Sudan’s former ruler, Omar al-Bashir, won many fights for three decades. He mastered the politics of UN. He overcame America and South Sudan. He triumphed over IMF and World Bank. He fought rebels, friends and enemies – and won. But at the end, he fell because of BREAD. Yes, bread – so simple and harmless- brought down one of the last surviving yoyo men of Africa.
As you think of that, I bring what will destroy Bitcoin despite any optimistic exuberance pushed by its adherents. Simply, the cryptocurrency is developing a reputation as the currency for criminals to receive illegal payments for ransomware. So, if you extrapolate, even if Bitcoin itself is not directly affected by hacking and ransomware, the fact that many criminals have chosen it will likely push many countries to go hard on it.
The latest is that “meat supplier JBS USA Holdings has said it paid out an $11 million ransom in Bitcoin to cybercriminals.” Just a few weeks ago, Colonial Pipeline paid out millions of dollars via Bitcoin to criminals – and thank goodness, the FBI was able to recover some of that back. Yes, “seizure of more than half of the company’s payment cuts against crypto’s reputation as an untraceable financial medium for hackers.”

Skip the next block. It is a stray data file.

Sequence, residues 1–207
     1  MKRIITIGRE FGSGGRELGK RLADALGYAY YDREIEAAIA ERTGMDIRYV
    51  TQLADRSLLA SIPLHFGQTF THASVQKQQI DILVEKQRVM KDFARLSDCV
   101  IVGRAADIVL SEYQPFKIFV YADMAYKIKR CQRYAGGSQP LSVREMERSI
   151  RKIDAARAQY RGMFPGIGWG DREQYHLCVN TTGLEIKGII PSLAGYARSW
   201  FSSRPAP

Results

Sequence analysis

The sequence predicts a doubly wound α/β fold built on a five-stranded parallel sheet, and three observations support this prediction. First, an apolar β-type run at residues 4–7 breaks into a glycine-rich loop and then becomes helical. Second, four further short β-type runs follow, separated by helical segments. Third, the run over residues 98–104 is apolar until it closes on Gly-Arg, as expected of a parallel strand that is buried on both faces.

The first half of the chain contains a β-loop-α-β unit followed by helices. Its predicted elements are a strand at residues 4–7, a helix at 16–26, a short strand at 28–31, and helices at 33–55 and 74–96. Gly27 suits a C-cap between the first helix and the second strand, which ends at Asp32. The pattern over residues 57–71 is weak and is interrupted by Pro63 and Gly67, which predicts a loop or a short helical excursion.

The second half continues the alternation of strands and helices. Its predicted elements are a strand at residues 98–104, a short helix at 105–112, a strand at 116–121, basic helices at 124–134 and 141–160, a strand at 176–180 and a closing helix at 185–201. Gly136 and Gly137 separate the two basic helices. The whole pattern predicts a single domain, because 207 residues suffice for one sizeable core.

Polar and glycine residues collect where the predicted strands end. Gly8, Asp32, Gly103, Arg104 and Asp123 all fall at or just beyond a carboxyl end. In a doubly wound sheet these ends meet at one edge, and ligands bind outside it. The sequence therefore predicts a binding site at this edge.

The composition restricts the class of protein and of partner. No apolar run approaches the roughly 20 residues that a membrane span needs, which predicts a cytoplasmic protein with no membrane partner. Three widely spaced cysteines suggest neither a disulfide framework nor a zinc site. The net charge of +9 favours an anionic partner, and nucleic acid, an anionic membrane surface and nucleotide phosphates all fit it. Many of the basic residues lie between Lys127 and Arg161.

So, if the world leaders see Bitcoin as the choice for criminals, expect them to open a new playbook on this currency. And that playbook may not be palatable for hodlers.
Shine your eyes.
Meat supplier JBS USA Holdings has said it paid out an $11 million ransom in Bitcoin to cybercriminals. The company’s chief executive told The Wall Street Journal that the recent ransomware attack temporarily knocked out plants which handle about one-fifth of the meat supply for the U.S. Based in Brazil, JBS Holdings is the world’s largest meat supplier by sales. Ransomware attacks have spiked; last month, Colonial Pipeline paid a total of $4.4 million in Bitcoin to resume its pipeline — of which the Justice Department managed to retrieve roughly $2.3 million of the ransom paid to the Russian hackers.
The FBI recovered roughly half of the ransom paid by the Colonial Pipeline by tracking a “publicly visible bitcoin ledger,” reports The Wall Street Journal, then pouncing when hackers performed a transfer to a virtual address the bureau had access to.
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